We drove up the coast a bit to get to some of the other beaches, and it was on the way back from 1080 Beach that I spotted the first wallaby on the side of the road.
I know that I've posted that picture before, but I think it bears repeating, don't you? It spooked when the car got too close, but it did put us on the lookout for wildlife. Sure enough, Michael saw a second one just a little ways up the road towards Mystery Bay, and this one held still for its glamor shot:
Kim says that they're swamp wallabies, aka "swampies." I say, "Awww!"
We tried using the large floodlight back at the house that night to see if we could find some more, but to no avail, despite some promising rustling in the bushes down by the gully. We spent the rest of the evening banking up the fire, stargazing, and making curry with some fresh red curry paste that we got at the market.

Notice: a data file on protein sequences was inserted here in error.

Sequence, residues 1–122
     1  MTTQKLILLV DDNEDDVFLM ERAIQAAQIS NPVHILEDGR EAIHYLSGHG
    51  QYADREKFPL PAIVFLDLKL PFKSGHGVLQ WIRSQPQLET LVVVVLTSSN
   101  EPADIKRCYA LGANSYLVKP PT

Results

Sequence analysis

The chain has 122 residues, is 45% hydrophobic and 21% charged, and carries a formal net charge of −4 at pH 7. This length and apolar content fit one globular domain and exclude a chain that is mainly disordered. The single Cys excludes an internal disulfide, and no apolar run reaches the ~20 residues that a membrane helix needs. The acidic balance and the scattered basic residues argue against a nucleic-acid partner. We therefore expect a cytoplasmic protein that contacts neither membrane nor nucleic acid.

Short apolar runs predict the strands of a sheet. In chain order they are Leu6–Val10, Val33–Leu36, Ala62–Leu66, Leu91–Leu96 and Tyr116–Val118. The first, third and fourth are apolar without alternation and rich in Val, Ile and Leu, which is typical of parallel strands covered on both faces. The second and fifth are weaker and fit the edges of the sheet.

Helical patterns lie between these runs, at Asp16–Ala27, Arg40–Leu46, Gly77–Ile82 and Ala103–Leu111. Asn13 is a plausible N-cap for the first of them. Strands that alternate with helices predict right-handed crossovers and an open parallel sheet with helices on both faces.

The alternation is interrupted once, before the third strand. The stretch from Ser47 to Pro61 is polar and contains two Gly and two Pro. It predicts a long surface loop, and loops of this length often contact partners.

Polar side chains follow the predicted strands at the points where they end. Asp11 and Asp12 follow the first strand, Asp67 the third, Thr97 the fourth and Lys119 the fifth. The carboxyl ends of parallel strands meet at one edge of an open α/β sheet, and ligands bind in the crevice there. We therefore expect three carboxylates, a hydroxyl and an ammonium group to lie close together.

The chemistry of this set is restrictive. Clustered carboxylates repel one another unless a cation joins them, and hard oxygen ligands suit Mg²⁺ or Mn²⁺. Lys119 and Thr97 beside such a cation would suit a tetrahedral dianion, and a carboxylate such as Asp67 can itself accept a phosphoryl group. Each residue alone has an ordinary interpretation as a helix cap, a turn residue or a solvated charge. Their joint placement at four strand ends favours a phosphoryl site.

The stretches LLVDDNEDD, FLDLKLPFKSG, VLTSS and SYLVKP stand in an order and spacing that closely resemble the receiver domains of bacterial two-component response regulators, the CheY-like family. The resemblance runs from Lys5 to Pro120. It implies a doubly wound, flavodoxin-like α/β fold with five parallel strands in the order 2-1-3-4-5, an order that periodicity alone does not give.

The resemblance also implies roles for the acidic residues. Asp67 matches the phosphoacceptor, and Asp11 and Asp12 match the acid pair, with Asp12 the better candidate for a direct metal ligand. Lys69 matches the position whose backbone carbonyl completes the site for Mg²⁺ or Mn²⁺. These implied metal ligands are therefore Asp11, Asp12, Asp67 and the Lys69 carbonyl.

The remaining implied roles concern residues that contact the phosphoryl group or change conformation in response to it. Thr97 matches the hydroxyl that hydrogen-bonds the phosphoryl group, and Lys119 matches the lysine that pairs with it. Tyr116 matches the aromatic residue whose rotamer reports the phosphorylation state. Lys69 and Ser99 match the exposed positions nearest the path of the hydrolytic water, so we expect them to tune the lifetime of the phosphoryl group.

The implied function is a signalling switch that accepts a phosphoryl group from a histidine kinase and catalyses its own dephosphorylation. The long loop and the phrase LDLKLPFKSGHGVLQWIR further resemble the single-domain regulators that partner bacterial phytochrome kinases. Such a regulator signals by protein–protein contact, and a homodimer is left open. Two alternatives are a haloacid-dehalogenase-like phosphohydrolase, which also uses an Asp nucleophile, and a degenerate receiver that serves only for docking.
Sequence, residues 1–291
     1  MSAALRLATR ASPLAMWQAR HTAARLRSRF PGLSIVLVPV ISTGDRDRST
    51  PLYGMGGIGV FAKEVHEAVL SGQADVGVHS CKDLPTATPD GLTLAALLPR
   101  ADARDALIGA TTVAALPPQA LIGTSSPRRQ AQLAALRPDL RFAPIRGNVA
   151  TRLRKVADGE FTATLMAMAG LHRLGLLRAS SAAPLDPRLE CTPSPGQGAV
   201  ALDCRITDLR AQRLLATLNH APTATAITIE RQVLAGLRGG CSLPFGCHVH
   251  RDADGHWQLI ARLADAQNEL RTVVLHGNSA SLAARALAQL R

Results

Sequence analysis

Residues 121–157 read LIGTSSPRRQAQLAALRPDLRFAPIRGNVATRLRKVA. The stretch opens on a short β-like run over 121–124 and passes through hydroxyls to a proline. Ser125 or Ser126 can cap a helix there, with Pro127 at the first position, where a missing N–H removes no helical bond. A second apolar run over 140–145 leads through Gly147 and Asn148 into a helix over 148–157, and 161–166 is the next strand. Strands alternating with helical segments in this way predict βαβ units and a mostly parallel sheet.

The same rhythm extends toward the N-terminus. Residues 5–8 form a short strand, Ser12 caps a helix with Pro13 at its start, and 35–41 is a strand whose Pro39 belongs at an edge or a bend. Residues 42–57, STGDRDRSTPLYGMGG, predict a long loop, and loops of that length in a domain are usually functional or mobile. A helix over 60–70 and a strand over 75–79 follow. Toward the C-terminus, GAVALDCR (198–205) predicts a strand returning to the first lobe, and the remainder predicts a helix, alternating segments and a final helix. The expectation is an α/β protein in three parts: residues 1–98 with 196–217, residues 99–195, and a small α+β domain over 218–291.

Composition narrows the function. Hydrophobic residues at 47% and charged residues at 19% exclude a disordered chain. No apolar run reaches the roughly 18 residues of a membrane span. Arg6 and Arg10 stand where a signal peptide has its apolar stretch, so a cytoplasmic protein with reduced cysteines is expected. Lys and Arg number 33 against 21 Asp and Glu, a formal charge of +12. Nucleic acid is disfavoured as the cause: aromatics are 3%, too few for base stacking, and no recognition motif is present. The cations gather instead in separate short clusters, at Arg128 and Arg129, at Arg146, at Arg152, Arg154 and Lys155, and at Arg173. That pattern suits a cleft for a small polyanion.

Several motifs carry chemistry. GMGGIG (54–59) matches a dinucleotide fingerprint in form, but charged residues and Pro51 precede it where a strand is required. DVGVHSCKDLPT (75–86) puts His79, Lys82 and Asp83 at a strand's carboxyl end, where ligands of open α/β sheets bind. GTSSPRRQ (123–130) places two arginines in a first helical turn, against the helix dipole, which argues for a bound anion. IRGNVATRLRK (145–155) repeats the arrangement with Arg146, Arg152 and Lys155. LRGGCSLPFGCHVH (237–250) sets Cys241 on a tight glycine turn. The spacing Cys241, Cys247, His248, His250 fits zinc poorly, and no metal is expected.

Monday, our last full day at the bush house, started off with a bit of exploring around the property, mostly down by the pond in the gully. A tree had fallen across it in the latest storm, making a nice warm spot for sitting and watching the tadpoles swim around in the shallows.
Michael, feeling in touch with his hippie California roots, encouraged the still-upright trees to stay that way:
Then we scared up a few lizards from under the leaf litter near the driveway: